Diane M Kellogg
Song of the Witches
Song of the Witches by William Shakespeare
From Macbeth, Act IV, Scene 1
Round about the cauldron go: In the poisoned entrails throw. Toad, that under cold stone Days and nights has thirty-one Sweated venom sleeping got, Boil thou first i’ the charmed pot.
Double, double toil and trouble; Fire burn and cauldron bubble. Fillet of a fenny snake, In the cauldron boil and bake; Eye of newt and toe of frog, Wool of bat and tongue of dog, Adder's fork and blind-worm's sting, Lizard's leg and owlet's wing. For a charm of powerful trouble, Like a hell-broth boil and bubble.
Double, double toil and trouble; Fire burn and cauldron bubble. Scale of dragon, tooth of wolf, Witch's mummy, maw and gulf Of the ravin'd salt-sea shark, Root of hemlock digg'd i’ the dark, Liver of blaspheming Jew; Gall of goat; and slips of yew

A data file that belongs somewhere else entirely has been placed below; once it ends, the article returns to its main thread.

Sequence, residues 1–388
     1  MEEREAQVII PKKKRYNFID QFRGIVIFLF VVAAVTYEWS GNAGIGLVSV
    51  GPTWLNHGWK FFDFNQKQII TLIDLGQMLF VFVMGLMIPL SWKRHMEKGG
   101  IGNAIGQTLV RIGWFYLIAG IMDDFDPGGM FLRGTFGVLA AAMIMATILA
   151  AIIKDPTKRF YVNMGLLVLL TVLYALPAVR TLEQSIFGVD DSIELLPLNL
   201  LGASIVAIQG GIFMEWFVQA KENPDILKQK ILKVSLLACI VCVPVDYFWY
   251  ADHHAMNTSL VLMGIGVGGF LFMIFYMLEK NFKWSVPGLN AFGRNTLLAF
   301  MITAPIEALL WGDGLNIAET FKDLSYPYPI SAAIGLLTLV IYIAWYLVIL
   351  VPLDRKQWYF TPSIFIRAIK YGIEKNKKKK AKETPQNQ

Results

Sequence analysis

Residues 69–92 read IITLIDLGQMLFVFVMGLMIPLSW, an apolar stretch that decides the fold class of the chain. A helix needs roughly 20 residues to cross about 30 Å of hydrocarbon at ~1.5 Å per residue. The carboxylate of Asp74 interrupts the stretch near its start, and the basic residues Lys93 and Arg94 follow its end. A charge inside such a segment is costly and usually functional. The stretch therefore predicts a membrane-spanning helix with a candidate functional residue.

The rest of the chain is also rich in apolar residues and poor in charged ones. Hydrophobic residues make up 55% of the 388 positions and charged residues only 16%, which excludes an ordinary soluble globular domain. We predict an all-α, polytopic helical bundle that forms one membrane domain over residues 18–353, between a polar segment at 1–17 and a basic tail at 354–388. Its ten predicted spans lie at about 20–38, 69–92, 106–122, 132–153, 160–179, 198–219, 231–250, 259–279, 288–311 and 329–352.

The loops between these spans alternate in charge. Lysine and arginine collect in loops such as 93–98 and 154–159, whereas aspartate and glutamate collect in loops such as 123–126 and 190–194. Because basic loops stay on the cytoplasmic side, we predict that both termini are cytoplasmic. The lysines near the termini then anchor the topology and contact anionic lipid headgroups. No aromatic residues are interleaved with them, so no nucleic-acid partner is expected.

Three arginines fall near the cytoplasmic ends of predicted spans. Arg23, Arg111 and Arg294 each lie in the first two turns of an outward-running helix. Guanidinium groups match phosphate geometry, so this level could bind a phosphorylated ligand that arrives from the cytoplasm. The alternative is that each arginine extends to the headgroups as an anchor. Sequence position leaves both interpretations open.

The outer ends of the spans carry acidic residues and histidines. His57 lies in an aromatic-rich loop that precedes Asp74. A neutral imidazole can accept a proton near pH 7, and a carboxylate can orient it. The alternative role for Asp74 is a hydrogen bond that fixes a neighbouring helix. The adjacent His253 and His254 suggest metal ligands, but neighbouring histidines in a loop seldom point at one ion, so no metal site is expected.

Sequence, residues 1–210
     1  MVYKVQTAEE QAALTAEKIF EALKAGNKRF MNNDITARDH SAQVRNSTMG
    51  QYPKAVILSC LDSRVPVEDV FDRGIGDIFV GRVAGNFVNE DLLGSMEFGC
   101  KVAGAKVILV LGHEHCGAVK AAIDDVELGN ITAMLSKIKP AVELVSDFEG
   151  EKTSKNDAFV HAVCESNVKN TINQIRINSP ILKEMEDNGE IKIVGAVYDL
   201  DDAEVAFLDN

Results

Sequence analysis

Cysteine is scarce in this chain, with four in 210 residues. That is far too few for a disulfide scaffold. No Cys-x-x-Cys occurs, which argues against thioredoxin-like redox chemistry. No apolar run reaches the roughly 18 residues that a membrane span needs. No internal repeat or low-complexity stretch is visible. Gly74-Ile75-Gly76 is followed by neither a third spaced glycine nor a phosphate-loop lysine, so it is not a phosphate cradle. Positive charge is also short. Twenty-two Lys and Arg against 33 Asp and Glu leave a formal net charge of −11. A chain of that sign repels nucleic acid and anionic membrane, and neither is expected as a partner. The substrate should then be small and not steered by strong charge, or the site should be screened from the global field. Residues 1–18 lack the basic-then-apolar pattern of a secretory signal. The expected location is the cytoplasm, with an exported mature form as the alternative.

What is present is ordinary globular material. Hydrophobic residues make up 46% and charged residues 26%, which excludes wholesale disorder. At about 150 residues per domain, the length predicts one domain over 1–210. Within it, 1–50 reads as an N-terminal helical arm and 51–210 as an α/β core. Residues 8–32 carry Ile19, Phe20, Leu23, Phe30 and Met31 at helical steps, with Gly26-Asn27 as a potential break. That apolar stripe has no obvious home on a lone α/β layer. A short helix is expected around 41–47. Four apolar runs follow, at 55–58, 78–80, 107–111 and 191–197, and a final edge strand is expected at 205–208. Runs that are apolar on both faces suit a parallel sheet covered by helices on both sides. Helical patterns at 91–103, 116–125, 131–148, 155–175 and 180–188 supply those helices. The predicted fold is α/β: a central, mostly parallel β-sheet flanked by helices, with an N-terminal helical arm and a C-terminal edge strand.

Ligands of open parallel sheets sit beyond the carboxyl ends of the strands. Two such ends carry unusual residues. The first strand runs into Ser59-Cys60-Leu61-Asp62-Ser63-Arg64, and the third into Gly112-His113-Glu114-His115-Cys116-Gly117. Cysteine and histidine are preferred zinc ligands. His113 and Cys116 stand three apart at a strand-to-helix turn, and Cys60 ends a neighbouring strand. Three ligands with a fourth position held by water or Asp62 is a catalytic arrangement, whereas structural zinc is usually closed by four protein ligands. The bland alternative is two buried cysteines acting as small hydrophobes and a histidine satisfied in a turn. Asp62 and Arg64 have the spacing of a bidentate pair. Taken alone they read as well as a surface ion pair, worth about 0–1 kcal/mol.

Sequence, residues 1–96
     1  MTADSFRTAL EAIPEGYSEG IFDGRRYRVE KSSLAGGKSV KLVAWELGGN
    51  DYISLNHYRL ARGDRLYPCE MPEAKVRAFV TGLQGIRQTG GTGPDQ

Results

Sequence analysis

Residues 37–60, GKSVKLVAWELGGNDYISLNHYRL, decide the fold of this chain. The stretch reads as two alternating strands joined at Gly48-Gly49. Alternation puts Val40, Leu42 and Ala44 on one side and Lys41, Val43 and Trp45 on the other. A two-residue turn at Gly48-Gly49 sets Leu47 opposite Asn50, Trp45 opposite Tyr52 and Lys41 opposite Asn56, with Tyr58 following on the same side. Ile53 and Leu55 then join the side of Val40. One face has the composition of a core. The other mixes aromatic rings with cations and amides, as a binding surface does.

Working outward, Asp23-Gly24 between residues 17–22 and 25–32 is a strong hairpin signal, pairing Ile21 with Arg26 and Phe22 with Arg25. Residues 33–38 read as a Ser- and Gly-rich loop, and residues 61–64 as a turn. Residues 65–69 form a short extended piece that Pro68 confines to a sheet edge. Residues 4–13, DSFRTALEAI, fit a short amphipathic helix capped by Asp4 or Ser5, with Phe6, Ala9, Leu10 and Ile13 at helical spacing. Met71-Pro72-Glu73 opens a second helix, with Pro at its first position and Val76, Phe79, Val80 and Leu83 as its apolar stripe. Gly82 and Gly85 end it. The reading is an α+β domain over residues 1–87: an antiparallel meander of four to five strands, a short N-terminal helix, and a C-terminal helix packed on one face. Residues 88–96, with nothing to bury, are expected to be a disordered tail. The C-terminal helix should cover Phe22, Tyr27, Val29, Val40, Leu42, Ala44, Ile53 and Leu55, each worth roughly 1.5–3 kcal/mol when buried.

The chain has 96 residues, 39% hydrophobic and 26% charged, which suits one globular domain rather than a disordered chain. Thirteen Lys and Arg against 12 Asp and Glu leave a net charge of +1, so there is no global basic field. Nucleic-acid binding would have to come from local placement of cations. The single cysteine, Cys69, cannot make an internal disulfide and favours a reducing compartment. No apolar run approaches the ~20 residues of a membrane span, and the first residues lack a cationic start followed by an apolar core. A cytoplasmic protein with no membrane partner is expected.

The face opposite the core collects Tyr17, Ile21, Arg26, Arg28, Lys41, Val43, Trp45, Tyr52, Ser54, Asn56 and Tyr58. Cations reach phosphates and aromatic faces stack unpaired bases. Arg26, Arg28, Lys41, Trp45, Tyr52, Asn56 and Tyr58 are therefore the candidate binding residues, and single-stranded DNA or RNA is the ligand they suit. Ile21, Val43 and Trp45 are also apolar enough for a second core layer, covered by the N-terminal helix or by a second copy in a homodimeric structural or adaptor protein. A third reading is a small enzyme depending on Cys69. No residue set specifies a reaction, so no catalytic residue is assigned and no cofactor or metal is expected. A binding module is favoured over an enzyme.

Sliver'd in the moon's eclipse; Nose of Turk, and Tartar's lips; Finger of birth-strangled babe Ditch-deliver'd by a drab, Make the gruel thick and slab: Add thereto a tiger's chaudron, For the ingredients of our cauldron.
Double, double toil and trouble, Fire burn and cauldron bubble.
Cool it with a baboon's blood,
Then the charm is firm and good.
Image Credit - Mitchell Bowser - Unsplash.